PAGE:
Can I run a 3ph 120/208v 60Hz motor on 230/400v 50Hz?

Depending on your local electrical code, if you need a grounded (earthed) system, you can use a 400V-Delta to 208/120V WYE transformer to feed a variable frequency drive (VFD), and then set it a 60Hz to supply 208V 60Hz to the motor. Although I do not normally recommend it, if it is appropriate for you to run the system ungrounded (unearthed), then you can feed the VFD with through a 400V-Delta to 230V-Delta transformer and then supply the motor with 230V 60Hz power from the VFD. (As with most North American motors in that voltage class, yours appears to be rated for 230V or 208V operation, although it will probably pull about 8% more current when it is operating on 208V.) There will be no special programming for the VFD, and the motor will operate as designed although it will may run a bit hotter due to the harmonics produced by the VFD.
Frequency Converter
You can use a VFD to reduce the supply voltage to a motor, because this is a standard VFD function when a motor is running below rated frequency (constant V/f ratio). My concern about the harmonics comes from the fact that you are basically using the front end of the VFD as a switching power supply in much the same way that "solid state" computer power supplies step down the voltage and rectify it in computers and these supplies are notorious for producing harmonics because they do so much chopping of the incoming waveform to reduce the DC voltage to the desired level. For that reason, my preference is to use a transformer to correct the voltage level and then use the VFD to correct the frequency. However, if the harmonic currents drawn by the VFD are low in relation to the size of the power system, going without a transformer would be an acceptable option.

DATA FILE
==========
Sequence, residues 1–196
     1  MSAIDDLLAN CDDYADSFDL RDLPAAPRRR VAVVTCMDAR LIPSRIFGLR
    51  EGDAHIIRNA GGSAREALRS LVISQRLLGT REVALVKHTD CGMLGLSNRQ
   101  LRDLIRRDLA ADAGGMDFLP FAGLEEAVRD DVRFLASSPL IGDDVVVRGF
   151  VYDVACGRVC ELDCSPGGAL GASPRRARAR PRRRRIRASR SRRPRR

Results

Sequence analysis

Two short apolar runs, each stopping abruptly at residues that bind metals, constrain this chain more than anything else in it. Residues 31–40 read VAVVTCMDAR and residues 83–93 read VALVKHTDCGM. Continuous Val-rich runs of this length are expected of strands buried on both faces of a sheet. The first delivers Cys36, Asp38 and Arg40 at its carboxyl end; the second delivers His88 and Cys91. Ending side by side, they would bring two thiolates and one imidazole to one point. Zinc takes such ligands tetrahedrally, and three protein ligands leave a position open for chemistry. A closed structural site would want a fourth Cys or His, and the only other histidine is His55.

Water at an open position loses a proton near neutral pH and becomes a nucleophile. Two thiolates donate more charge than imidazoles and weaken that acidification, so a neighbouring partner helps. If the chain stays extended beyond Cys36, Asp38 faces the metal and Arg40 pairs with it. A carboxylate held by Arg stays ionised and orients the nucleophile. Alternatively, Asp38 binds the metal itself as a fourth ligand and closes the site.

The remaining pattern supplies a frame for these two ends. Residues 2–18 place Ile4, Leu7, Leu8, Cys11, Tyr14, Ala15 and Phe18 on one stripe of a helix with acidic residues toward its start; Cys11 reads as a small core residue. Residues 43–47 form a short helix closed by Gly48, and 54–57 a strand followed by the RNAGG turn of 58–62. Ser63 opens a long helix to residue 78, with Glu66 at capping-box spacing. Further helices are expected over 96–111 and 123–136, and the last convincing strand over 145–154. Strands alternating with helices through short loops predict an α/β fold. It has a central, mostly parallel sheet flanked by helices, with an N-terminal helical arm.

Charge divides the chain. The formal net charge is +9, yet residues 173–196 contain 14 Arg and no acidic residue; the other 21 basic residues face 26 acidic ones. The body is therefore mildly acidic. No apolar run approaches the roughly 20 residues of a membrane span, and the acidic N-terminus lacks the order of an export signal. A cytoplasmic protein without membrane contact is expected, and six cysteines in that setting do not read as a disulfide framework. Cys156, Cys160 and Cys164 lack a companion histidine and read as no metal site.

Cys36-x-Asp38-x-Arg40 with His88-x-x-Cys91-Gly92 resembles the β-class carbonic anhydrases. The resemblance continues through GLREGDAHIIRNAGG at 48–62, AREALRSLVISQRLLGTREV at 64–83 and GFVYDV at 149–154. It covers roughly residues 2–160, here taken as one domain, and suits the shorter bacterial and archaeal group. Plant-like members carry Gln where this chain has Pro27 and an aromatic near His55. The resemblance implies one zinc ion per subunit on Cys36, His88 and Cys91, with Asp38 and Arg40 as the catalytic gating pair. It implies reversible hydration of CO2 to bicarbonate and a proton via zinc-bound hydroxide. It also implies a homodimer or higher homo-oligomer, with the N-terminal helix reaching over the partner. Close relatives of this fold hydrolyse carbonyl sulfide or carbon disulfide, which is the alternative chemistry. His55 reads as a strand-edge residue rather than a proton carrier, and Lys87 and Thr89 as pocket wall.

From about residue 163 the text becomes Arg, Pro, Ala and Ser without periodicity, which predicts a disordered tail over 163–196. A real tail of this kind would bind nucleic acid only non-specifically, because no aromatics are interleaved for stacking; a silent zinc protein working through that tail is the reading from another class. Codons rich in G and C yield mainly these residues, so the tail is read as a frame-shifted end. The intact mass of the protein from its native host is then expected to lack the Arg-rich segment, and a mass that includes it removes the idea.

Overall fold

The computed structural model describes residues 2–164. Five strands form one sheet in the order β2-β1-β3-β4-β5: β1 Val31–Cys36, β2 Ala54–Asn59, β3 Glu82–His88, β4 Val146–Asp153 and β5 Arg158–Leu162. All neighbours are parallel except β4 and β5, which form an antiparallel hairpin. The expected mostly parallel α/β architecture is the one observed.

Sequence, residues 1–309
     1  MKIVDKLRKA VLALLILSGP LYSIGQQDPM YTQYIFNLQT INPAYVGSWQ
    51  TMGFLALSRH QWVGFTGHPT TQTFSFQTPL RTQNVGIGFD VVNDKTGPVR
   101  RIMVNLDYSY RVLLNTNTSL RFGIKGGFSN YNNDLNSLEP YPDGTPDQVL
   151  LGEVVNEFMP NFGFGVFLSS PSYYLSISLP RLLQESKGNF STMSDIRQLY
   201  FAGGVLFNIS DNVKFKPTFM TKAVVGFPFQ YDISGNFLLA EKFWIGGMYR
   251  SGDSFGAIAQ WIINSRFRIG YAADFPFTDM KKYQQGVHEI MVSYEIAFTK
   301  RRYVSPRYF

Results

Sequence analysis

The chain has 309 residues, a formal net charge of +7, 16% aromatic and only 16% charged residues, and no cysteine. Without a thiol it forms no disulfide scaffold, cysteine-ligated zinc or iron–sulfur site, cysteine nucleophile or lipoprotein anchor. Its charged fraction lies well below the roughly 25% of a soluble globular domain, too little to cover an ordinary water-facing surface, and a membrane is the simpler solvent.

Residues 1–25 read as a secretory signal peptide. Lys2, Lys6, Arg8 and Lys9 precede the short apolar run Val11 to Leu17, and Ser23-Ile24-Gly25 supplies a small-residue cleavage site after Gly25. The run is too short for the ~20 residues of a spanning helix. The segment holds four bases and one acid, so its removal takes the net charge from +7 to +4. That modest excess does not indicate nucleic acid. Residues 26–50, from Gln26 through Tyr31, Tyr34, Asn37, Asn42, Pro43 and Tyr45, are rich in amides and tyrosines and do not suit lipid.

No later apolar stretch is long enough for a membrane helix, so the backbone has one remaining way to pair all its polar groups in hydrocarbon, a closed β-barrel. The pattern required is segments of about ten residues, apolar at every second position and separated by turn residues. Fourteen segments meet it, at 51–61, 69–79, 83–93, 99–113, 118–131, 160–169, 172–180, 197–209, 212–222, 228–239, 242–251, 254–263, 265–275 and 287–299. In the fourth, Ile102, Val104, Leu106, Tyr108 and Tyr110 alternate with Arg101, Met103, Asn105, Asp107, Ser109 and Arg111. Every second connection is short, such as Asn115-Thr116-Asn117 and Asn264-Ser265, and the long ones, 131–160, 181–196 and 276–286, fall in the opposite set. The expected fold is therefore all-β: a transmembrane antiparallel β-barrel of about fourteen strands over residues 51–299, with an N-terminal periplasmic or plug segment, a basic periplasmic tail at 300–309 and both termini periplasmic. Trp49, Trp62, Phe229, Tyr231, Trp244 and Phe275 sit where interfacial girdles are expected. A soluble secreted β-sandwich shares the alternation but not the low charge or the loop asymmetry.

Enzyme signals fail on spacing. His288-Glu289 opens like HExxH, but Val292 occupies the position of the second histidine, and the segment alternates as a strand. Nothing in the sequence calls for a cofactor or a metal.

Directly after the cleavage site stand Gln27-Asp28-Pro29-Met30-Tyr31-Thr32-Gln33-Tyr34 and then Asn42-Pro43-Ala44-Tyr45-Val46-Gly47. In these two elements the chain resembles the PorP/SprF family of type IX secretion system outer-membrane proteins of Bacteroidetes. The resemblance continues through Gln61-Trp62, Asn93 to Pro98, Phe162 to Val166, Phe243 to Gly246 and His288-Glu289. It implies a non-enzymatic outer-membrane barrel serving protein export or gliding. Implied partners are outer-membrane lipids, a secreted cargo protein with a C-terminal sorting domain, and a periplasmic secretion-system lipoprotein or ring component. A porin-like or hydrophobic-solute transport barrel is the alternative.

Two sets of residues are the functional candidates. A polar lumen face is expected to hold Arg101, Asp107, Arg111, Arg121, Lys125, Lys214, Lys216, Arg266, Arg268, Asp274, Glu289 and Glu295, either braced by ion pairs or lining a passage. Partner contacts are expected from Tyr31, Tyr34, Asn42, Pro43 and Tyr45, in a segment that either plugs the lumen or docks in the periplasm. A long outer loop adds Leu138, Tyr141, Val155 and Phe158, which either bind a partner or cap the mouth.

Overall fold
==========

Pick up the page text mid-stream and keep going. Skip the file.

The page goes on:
If you feed a VFD with 230Y400V 50Hz, and program the drive for 230V 60 Hz, you will get 137Y230V. This would probably work but I wouldn't recommend it except for smaller motors. By feeding 400V into the VFD to run a 230V motor, I suspect that you would get a lot more harmonics in your supply current and in your output signal as the drive does more "chopping" of the incoming wave form to control its DC bus and output voltages. My preference is to supply the drive with a voltage that matches the motor voltage to minimize the harmonics, you also can go for a GoHz frequency converter to convert 230/400v 50Hz to 120/208v 60Hz at a time, but it will cost more.

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12/29/2016 2:22 AM
If the motor is rated at 208/230-volt you cannot apply 460 volts to the motor. The current will be sky high and the motor will burn out in short order. When electrical equipment from North America is shipped to Europe it is down sized. For Example a 75 HP, 1800 rpm, 460-volt 60Hz in North America would be rated as a 60-hp, 1500-rpm 400-volt, 50-Hz in Europe. You should not exceed the rated voltage of the motor. Rewind the motor to suit or better still buy a motor that fits the job rather than a transformer.